193. "To Just Say No Leaves Vacuum That Still Yearns to Be Filled" Atlanta Journal-Constitution, (December 29, 1988).
The campaign to convince Americans, especially the young, to refrain from using controlled substances, is negative in focus. It admonishes, threatens and demands self-restraint.
Negative, too, is the drive against promiscuous sex, the progenitor of AIDS (“Best abstain completely”). The growing pressure against smoking and heavy drinking rounds out the list of new and renewed social taboos.
These admonitions ignore numerous psychological, sociological and other studies of the reasons people indulge themselves. We cannot simply unplug one mode of gratification without replacing it with some positive source of satisfaction.
Some observers hold that people use controlled substances, alcohol, nicotine and obsessive sex to soothe their general anxieties or to manage specific stresses. Others emphasize the role of conforming to peers and subcultures in promoting whatever behavior is “in.” Still others believe that precisely because the substances at issue are forbidden fruits, they are attractive to adolescents and many others who have a rebellious or an “alienated” streak.
It follows that if one takes away whatever people use to tranquilize themselves, anxiety and stress persist; peer pressure remains; and the alienated look for news ways to act out their disenchantment, searching for new forbidden substances, symbols and rituals.
Hence, to just say “no” leaves a vacuum, a thirst, that still yearns to be quenched. Without positive guidance from new sources, users generally, return to their familiar, often addicting, modes of behavior. Indeed, the paucity and paleness of positive outlets for whatever drives these people, is a major reason negative ones are son infrequently given up.
Some may say, there is no shortage of pro-social possibilities: let “them” jog, play bridge, find a job, become involved in voluntary activities or in their church or synagogue. The trouble is that, as a rule, these low-key activities do not supply the psychological high, the intense peer camaraderie, and the symbols of independence (if not defiance), that the tabooed activities offer.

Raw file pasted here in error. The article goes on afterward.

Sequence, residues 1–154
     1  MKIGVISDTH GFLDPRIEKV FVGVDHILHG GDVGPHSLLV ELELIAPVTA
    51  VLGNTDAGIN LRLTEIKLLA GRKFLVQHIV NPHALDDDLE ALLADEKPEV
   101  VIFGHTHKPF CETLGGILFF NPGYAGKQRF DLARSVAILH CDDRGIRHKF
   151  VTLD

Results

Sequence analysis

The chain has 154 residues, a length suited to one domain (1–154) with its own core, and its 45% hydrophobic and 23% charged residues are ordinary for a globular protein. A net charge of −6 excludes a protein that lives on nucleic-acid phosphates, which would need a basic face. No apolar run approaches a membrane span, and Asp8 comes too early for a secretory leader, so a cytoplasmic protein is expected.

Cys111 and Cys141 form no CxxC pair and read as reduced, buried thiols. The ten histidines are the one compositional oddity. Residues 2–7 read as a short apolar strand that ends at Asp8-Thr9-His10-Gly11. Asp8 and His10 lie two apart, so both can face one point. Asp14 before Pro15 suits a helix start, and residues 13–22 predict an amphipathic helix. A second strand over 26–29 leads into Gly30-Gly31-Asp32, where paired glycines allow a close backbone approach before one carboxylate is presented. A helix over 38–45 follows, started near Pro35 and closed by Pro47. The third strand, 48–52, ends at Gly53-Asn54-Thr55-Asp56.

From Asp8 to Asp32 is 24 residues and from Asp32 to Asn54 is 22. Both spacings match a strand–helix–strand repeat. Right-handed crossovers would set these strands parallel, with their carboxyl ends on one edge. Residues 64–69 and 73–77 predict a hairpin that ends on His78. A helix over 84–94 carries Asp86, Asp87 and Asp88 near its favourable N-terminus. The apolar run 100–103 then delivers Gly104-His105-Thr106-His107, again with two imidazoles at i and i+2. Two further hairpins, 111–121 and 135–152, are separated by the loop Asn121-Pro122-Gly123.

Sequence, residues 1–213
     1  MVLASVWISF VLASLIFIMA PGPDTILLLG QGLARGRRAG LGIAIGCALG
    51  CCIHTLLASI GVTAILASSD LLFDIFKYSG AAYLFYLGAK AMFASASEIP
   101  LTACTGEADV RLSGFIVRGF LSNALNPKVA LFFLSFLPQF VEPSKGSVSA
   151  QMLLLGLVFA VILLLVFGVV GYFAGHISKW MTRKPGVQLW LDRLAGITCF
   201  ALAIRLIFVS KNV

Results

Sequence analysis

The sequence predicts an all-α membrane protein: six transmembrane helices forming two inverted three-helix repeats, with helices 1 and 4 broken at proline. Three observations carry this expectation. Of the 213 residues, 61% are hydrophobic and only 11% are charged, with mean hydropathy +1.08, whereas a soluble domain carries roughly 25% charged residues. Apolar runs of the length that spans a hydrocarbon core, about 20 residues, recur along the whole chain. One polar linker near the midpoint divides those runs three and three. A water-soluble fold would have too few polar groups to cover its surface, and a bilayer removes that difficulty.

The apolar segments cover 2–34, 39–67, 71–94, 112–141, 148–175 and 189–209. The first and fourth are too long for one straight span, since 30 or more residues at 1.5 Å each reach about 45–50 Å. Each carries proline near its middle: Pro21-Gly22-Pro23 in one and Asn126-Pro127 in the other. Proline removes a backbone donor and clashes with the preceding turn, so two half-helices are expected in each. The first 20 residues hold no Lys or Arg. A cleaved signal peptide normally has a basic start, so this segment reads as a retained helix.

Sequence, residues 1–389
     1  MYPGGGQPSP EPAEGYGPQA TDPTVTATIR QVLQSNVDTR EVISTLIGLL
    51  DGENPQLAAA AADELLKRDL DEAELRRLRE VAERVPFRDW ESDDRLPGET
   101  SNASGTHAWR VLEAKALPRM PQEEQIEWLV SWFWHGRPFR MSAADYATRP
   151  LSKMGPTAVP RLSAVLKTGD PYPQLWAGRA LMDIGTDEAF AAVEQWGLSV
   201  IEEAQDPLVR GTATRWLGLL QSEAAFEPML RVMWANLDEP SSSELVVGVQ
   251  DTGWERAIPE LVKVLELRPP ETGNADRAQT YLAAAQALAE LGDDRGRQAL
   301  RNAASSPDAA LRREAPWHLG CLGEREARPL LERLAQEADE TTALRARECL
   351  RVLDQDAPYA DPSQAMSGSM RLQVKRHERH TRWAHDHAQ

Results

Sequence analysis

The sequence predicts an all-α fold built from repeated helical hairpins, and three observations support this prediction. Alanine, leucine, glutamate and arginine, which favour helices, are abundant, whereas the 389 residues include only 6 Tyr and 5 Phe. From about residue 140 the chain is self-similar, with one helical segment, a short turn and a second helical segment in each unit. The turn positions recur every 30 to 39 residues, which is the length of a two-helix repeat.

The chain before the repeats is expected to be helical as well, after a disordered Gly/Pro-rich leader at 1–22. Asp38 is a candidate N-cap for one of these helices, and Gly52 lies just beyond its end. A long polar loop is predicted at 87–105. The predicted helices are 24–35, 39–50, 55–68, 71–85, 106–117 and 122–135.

To be able to say “no” on so many fronts requires a person to say “yes” to something in a higher key. An extreme example is provided by Black Moonies, and other such cults. Converts find it easy to say “no” because their lives have been filled with intense meaning.
A close look a Alcoholic Anonymous and other such groups, which are highly successful in overcoming various addictions, shows that they provide more than a tightly knit web of social support; they offer a philosophy of life, often containing strong religious or spiritual elements, that instills the person with a deep sense of direction, identity, meaning and self-worth.
Our society probably cannot provide, en masse, so-called charismatic or messianic appeal that produces an intense high on a large scale - it only comes at the peak of war or during revolutions.
One reason left-leaning theoreticians have called for “perpetual” revolutions is because even in societies founded by zealots and activists, enthusiasm tends to die down as the routine and mundane set in, and with this setting comes the quest for new highs.
Today Russians and Chinese find themselves enthusiastically pursuing consumer goods. However, most Americans have been on this bandwagon for so long, that it has lost much of its appeal for our society.
Americans used to find, and many still do, a “high” through their careers and/or financial success. True, one hallmark of capitalism is that it celebrates the individual, each pursuing his or her own project, rather than viewing people as foot soldiers in some collective march, or as enlisted in the service of some societal virtue.
Success, however, is a tricky value. Substance abuse is rampant among those who fail - a failure often due to factors over which they have little or no control, ranging from rapid technological changes that render their skills obsolete to poor training at school. And even among those who run the maze quickly and well, the intense competition - “I ‘kill’ for an eighth (of a point),” says a Wall Street trader - leaves in its wake slews of people anxious to manage or hide from their stress.
There is no easy answer for a predominantly secular, market-oriented society’s quest for sources of intense meaning. “Just say no” may sound like good policy, but until we find additional socially acceptable yet compelling values, sets of meanings and activities to say “yes” to, to become deeply engaged in, few will say no to drugs, booze, and our long list of similar afflictions.